'The best books, reviewed with insight and charm, but without compromise.'
- author Jackie French

Saturday 14 September 2013

Review: Flora's War

It’s Cairo 1915. Sixteen year old Flora travels from Australia to Egypt as her father’s assistant on their yearly archaeological dig. They arrive to soldiers camped right outside the city and the discomfort of hotels and other establishments being requisitioned by the military for use as hospitals.

Flora’s initial settling in is filled with tennis parties, picnics and dancing. But the war is underway in France and Flora’s innocent and enjoyable life is nearing an end, for fighting breaks out in the Dardanelles. When Flora learns to drive, she has no idea that her skills will be used in more distressing circumstances. Flora and her friend Gwen become civilian volunteers, called on to drive the wounded soldiers from the trains to the converted hospitals.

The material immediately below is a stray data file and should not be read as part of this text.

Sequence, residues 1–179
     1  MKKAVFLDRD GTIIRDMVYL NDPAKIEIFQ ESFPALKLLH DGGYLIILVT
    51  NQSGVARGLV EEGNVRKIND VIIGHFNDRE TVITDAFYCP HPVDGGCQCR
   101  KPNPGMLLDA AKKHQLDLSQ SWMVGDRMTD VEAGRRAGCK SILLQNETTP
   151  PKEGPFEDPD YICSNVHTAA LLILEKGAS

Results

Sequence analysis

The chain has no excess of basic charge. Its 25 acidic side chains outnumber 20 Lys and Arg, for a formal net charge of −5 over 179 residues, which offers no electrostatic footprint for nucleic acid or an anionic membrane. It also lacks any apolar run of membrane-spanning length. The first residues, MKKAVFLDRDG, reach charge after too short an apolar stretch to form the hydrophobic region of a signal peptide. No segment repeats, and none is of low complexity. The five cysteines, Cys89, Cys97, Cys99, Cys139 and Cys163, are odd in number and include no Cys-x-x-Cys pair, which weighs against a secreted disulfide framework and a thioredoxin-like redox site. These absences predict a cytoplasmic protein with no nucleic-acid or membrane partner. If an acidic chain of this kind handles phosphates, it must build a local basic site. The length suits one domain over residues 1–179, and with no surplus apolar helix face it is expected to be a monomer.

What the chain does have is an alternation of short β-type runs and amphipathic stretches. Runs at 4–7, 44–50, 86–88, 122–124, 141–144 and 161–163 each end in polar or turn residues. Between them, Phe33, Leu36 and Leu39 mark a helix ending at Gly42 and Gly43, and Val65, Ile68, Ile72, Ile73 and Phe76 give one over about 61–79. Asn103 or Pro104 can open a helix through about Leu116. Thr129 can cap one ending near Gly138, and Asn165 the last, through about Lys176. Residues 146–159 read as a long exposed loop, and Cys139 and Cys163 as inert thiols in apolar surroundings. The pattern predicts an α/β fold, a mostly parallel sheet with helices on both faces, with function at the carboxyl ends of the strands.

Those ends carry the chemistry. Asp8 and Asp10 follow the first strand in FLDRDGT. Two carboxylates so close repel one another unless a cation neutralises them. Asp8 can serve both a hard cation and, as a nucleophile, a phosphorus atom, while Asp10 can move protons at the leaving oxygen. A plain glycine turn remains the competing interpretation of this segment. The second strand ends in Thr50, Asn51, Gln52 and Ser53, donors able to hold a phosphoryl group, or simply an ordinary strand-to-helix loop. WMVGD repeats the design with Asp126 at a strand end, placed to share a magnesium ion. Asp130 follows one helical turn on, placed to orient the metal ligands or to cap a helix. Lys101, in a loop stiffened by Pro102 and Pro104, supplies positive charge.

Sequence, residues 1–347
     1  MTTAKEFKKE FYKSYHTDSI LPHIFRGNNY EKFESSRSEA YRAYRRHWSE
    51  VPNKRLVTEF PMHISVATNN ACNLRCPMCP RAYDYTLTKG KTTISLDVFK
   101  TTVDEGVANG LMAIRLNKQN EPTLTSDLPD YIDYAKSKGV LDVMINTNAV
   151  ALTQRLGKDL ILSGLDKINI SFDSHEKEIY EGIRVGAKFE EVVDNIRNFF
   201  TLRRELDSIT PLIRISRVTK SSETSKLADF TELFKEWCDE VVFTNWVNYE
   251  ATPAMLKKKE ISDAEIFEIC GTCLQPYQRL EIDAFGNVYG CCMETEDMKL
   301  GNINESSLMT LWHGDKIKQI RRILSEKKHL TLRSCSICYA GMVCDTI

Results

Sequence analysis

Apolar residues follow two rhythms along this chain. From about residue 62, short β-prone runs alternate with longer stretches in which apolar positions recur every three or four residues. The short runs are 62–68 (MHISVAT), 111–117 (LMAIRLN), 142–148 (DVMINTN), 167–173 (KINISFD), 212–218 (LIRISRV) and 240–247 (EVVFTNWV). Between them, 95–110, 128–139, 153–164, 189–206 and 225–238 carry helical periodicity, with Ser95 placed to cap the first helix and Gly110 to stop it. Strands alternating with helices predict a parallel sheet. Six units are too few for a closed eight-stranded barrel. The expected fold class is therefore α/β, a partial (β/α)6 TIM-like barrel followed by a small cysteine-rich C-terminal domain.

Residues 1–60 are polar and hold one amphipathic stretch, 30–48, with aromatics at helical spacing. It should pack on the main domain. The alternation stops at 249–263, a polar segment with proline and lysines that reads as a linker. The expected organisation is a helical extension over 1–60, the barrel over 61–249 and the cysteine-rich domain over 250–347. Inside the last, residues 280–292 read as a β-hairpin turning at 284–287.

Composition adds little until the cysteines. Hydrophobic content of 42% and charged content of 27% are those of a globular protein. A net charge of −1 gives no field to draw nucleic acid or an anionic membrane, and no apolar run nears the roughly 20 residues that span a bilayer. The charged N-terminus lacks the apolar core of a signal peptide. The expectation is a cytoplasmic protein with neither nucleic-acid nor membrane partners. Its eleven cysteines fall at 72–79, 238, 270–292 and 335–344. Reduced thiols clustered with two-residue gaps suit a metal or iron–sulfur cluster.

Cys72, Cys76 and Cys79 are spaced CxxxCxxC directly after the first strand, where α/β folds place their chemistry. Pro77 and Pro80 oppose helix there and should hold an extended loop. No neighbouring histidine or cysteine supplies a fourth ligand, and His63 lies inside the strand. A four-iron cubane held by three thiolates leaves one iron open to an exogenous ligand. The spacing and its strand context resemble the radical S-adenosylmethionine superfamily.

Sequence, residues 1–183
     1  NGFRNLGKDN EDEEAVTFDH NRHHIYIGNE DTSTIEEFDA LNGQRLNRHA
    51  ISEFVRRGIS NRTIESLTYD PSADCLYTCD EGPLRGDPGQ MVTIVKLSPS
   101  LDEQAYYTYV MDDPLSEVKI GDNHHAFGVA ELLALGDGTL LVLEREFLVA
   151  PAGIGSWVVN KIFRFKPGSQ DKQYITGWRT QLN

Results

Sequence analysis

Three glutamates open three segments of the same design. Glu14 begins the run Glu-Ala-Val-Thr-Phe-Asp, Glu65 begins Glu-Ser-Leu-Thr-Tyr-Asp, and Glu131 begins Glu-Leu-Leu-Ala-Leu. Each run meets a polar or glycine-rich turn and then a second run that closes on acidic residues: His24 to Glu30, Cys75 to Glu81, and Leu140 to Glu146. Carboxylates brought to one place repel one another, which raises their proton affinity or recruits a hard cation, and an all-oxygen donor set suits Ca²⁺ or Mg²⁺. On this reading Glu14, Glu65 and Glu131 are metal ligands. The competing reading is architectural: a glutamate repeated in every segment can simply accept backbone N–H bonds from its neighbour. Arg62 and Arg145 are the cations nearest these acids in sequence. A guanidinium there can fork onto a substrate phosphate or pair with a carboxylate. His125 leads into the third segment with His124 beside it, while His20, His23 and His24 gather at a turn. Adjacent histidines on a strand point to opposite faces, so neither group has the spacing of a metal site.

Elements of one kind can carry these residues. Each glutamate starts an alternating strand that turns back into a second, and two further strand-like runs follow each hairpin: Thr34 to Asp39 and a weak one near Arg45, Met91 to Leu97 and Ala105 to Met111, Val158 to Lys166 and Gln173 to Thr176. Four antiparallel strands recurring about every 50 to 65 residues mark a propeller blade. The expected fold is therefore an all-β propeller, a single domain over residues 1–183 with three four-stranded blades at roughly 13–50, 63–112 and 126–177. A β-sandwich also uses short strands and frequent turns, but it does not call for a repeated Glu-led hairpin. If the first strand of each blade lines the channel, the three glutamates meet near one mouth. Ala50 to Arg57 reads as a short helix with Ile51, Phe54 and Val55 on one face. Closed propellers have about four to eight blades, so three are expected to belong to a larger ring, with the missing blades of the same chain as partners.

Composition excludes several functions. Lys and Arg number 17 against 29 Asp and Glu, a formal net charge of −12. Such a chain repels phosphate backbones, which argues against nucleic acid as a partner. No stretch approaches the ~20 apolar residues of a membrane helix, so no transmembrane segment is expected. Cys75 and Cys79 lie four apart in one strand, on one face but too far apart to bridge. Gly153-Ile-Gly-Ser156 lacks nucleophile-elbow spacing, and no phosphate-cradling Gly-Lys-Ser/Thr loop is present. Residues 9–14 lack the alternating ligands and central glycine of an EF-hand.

The two girls’ lives undergo a drastic change. With no experience of suffering and death they are thrown into a quagmire of bleeding bodies and amputated limbs. Gwen struggles, but Flora’s acceptance of her new role reveals great strength and compassion as the wounded pour in from the Dardenelles and Gallipoli, then from Lone Pine.

Based on fact with powerful descriptions of war and its carnage, this historical novel shows the difficult, demanding and significant roles that many very young women moved into due to the war. The harsh circumstances and a certain loss of innocence are juxtaposed superbly with the pureness and comfort of Flora and Gwen’s life before the wounded started arriving in Cairo.

- this review by Anastasia

Title: Flora’s War
Author: Pamela Rushby
Publisher: Ford Street, $18.95 RRP
Publication Date: August 2013
Format: Paperback
ISBN: 978192665981
For ages: 11+
Type: Middle Fiction